Marling began recording songs for the album shortly after completing the solo tour for Once I Was an Eagle. The songs were written in the US, reflecting Marling's experience of living in Los Angeles. However, after recording a new album, she felt unsatisfied with the result, and made the decision to scrap most of the songs written in that period. During this time, she became involved in activities unrelated to music. When production later resumed, she completed the album with her band at Urchin Studios in London. Marling produced the album alongside Dan Cox and Matt Ingram.[34][35]

The second single from the record, "False Hope", premiered on 20 January. The track was available for digital download the next day. Both "False Hope" and "Short Movie" were received with critical acclaim,[36] many reviewers noting the larger sound and the confidence in Marling's vocals.[37]

In October 2015, Marling announced a short Tour de Ville through the US, where she would be previewing material from her forthcoming sixth studio album.

In a tweet, Blake Mills confirmed that Marling's sixth studio album was completed.[38] In November 2016, Marling announced the release of Semper Femina in March 2017, with "Soothing" being the first single from the record.[39] The album was released to critical acclaim.[40][41] Marling received her first Grammy nomination for Best Folk Album for Semper Femina, but did not win the award.[42] Semper Femina was also nominated for IMPALA's European Album of the Year Award.[43]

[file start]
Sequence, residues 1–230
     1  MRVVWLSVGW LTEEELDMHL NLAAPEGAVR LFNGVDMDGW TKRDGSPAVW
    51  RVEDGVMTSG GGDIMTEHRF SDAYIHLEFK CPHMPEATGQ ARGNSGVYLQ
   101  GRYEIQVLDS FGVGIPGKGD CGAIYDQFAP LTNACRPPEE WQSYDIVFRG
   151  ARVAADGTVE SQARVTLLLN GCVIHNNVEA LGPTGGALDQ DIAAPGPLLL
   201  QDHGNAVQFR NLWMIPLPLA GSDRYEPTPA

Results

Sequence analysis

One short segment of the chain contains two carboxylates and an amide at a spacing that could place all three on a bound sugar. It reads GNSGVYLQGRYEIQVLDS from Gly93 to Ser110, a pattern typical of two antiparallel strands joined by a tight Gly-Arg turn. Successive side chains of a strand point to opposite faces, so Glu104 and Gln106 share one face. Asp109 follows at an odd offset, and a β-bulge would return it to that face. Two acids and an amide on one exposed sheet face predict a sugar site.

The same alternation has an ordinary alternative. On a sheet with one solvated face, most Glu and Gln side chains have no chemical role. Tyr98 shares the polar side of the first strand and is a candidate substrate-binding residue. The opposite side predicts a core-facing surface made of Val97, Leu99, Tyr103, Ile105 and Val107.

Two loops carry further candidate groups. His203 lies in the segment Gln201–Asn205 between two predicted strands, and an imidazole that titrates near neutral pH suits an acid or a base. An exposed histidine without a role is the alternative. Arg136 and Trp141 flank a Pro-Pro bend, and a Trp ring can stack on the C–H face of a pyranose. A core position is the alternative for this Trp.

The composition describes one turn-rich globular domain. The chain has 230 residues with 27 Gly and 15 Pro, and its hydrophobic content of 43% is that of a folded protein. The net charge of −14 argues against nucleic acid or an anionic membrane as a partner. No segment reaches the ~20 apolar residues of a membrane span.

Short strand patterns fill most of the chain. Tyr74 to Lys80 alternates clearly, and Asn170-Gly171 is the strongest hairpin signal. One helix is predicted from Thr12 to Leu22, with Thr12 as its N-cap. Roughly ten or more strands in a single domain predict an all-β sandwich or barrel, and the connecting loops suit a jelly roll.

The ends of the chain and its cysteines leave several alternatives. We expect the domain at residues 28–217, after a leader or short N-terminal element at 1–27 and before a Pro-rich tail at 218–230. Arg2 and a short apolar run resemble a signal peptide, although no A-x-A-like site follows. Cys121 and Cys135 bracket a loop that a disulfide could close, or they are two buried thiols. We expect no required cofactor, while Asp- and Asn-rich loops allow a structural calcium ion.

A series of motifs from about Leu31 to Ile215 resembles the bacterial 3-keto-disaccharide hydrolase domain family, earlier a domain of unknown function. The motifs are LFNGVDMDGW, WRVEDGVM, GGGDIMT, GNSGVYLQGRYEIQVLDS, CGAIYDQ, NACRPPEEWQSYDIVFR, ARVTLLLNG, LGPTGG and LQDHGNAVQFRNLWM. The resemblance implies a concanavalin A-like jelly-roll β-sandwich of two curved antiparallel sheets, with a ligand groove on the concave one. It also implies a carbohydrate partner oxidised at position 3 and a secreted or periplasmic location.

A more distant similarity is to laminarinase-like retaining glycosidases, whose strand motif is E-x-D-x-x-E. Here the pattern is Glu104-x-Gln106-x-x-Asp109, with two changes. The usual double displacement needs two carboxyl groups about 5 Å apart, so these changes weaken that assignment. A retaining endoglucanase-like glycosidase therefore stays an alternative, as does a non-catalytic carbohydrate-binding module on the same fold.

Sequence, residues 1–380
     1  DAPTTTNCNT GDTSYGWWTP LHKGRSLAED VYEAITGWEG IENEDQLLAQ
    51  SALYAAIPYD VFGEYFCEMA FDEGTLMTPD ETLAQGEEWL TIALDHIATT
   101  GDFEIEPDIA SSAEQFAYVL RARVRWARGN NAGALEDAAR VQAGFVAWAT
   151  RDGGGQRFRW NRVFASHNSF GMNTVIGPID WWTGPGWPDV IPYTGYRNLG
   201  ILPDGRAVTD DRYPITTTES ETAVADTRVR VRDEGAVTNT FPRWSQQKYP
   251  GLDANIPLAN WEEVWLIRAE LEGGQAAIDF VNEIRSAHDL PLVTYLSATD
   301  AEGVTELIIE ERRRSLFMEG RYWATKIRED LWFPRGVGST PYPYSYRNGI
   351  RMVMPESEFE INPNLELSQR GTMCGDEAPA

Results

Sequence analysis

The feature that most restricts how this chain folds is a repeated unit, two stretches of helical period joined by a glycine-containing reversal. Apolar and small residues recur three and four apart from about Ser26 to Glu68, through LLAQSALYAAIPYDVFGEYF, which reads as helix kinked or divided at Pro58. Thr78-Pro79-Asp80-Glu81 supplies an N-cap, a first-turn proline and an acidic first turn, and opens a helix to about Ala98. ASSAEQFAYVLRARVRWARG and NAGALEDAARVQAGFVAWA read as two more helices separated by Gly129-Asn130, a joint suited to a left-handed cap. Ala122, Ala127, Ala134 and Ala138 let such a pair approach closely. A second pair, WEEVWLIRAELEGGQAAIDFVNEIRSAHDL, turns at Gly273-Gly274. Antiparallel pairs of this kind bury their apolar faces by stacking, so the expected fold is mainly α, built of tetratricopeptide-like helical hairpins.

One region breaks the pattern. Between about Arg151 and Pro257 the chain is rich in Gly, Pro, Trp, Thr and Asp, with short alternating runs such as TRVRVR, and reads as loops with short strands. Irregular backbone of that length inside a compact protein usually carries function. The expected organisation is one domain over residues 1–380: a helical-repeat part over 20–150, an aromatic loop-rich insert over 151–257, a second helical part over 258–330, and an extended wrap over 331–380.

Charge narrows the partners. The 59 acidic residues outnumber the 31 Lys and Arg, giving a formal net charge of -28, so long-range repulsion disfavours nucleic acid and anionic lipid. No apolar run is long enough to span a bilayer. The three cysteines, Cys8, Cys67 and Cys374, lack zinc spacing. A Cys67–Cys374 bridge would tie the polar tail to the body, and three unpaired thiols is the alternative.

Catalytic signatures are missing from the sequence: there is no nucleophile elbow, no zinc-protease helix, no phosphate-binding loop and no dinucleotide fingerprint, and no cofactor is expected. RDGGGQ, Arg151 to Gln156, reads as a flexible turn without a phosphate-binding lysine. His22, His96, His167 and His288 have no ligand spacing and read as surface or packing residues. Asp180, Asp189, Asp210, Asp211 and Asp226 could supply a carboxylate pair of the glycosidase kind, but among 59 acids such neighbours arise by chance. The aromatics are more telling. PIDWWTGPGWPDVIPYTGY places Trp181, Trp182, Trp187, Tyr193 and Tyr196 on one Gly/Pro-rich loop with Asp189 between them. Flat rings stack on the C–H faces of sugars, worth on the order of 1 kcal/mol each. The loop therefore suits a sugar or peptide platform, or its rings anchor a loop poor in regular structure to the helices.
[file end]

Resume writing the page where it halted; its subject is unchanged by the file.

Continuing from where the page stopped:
Marling covered "Red Right Hand" by Nick Cave and the Bad Seeds and "A Hard Rain's a-Gonna Fall" by Bob Dylan for the Season 4 finale of Peaky Blinders which aired on 20 December 2017.[44][45]

2018: Lump[edit]

In 2018, Marling announced that she would be recording an album with Mike Lindsay of the band Tunng, under the name Lump.[46] Prior to releasing an album, the duo released two singles, "Curse of the Contemporary" and "Late to the Flight".[47][48] On 1 June 2018, Lump released its self-titled debut album.[49] Marling provided the vocals and lyrics, while Lindsay played most of the instruments on the album.[50][51]